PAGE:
This morning began with a story on the possible dismantling of Dodd Frank. I can’t say I understand all the implications, but real estate has become more complex in the last 10 years, with little benefit from my perspective as a broker. Some of the regulations seem to have been more geared toward slowing a recovery, than encouraging or allowing the market to set values. In my simplistic view of the world, changes and increases to regulation don’t always have the intended effect.
“We have the best, most highly capitalized banks in the world, and we should use that to our competitive advantage,” he added. “But on the flip side, we also have the most highly regulated, overburdened banks in the world.” Gary Cohn, White House National Economic Council Source: https://www.wsj.com/articles/trump-moves-to-undo-dodd-frank-law-1486101602 2-3-17
I’ve mentioned it before, but I dislike absorption rates in appraisals. Using a trend to compare inventory makes sense in a big area, but what happens if the market begins to recover? The use of a trend could lengthen the time with depressed values and, in turn, lead to lower prices for owners, lenders trying to recover after a foreclosure and owners selling to avoid foreclosure. What decisions might change if a market in decline, remains at a low level for a longer period? I think the unintended consequences of regulating are a cost to the entire system. Consider the Consumer Financial Protection Bureau (CFPB). Essentially, the agency was authorized by Dodd Frank and meant to improve the stability of the sector with added rules….a lot of added rules. Appraisal guidelines, closing procedures….but above all compliance and a growth of government. The changes coming could be dramatic, but could only mean a rewriting of pieces of the act.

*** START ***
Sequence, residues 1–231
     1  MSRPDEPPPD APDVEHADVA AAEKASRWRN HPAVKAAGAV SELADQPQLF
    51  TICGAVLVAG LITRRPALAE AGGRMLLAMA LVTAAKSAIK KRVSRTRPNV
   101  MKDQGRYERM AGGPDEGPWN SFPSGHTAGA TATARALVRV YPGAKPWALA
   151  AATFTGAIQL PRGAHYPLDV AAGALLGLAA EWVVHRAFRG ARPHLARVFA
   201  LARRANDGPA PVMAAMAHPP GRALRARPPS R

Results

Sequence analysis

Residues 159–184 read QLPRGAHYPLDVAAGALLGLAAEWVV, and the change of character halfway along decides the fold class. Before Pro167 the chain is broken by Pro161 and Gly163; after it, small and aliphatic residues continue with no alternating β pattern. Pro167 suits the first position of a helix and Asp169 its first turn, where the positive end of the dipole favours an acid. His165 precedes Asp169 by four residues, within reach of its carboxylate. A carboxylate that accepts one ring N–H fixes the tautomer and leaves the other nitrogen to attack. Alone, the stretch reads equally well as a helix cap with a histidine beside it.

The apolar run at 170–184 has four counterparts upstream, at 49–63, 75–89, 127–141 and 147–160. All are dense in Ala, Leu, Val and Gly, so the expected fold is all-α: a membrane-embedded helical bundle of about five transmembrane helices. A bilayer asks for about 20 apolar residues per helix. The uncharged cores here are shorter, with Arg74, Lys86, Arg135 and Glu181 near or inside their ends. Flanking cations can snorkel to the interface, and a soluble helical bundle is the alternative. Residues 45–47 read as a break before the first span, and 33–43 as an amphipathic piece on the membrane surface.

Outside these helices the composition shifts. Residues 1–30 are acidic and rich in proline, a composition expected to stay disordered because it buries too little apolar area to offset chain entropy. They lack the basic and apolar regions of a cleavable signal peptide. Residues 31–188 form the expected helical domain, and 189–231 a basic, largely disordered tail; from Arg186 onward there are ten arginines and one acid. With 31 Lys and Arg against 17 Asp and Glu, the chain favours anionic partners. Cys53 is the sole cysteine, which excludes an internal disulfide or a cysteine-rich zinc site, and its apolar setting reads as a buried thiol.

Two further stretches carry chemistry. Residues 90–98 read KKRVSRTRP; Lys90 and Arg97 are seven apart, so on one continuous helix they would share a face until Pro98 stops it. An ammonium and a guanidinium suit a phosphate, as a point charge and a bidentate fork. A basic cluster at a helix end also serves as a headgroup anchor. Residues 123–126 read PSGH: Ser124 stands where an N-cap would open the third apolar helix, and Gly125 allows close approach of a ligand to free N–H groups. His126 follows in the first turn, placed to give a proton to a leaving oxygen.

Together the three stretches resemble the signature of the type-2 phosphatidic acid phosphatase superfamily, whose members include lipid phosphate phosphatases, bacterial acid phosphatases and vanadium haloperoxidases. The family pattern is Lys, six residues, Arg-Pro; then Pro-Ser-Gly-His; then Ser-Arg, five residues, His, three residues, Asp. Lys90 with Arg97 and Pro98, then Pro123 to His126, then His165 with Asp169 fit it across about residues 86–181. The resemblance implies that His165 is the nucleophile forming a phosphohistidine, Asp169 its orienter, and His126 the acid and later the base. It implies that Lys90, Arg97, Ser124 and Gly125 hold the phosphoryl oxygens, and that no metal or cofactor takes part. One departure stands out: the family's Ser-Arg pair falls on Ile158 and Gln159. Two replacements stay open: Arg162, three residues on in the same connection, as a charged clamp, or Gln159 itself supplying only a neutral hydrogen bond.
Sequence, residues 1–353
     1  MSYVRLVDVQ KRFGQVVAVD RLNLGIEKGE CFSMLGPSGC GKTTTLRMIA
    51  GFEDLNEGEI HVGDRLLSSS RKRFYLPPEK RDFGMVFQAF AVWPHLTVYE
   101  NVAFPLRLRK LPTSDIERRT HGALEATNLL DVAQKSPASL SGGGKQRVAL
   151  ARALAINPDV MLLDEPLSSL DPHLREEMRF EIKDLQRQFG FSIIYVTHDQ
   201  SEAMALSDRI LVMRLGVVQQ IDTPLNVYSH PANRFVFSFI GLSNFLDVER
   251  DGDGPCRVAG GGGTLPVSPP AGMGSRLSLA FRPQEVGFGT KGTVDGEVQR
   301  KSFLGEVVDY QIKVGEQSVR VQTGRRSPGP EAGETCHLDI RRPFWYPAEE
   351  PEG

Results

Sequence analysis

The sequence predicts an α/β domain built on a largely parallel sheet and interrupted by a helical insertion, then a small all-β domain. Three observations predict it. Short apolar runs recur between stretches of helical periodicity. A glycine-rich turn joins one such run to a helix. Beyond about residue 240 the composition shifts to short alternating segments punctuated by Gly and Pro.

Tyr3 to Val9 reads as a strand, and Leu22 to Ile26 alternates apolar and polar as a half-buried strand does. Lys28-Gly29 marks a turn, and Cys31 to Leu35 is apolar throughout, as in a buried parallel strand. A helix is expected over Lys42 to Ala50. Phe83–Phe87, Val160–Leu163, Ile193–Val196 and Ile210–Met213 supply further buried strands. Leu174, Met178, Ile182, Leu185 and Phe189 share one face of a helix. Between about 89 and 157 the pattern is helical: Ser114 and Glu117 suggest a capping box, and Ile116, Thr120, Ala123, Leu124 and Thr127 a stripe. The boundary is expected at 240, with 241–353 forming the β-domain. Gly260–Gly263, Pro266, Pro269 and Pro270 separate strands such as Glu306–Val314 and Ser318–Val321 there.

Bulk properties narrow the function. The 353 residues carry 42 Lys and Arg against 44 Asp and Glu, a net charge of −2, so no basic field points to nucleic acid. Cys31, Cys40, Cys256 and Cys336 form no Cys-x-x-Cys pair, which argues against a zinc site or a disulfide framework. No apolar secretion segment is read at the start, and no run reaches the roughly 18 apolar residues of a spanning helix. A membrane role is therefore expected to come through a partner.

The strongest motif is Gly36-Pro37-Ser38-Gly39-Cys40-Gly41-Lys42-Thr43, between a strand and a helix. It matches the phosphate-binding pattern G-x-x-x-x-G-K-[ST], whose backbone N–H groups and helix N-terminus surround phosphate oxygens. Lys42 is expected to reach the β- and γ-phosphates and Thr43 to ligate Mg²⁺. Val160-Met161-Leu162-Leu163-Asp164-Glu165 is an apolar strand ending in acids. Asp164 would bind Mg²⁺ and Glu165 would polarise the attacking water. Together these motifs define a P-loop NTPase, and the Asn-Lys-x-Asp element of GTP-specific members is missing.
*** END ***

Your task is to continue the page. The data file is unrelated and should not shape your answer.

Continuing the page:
The freeing of credit, loosening of appraisal or underwriting guidelines, has the potential to extend gains in all sectors of the real estate market. I would prefer less interference in the changes to the market, but reduce or eliminate loans with low down-payment. Equity creates stability, in my opinion. The issues with an unstable market come from a lack of equity and from speculation. As prices falter or drop, loans with low equity default sooner. If all loans required a higher down-payment, the decline in a slowing market would be far less likely. If appraisal guidelines gave more leniency to appraisers, areas with few comparable sales would be less damaged in a slow market. I can remember a number of sales with too few similar comps. Time limits and geographic limits often resulted in comparable sales I would never have considered reasonable. One duplex was appraised as a duplex, then the lender decided it was really a single family home, then a duplex….. The value was unquestionable, but there were almost no comparable sales with similar square footage or at the same size and considered a “Duplex” at the time. When it becomes incredibly difficult to reach reasonable, there is a problem. Dodd Frank isn’t responsible for every regulation and I’m just thinking back to changes without a visible improvement I’m able to see for my industry. I’d like to see stability in the market and a stable banking system, but I think the same can be accomplished, at least for lending, with added equity required.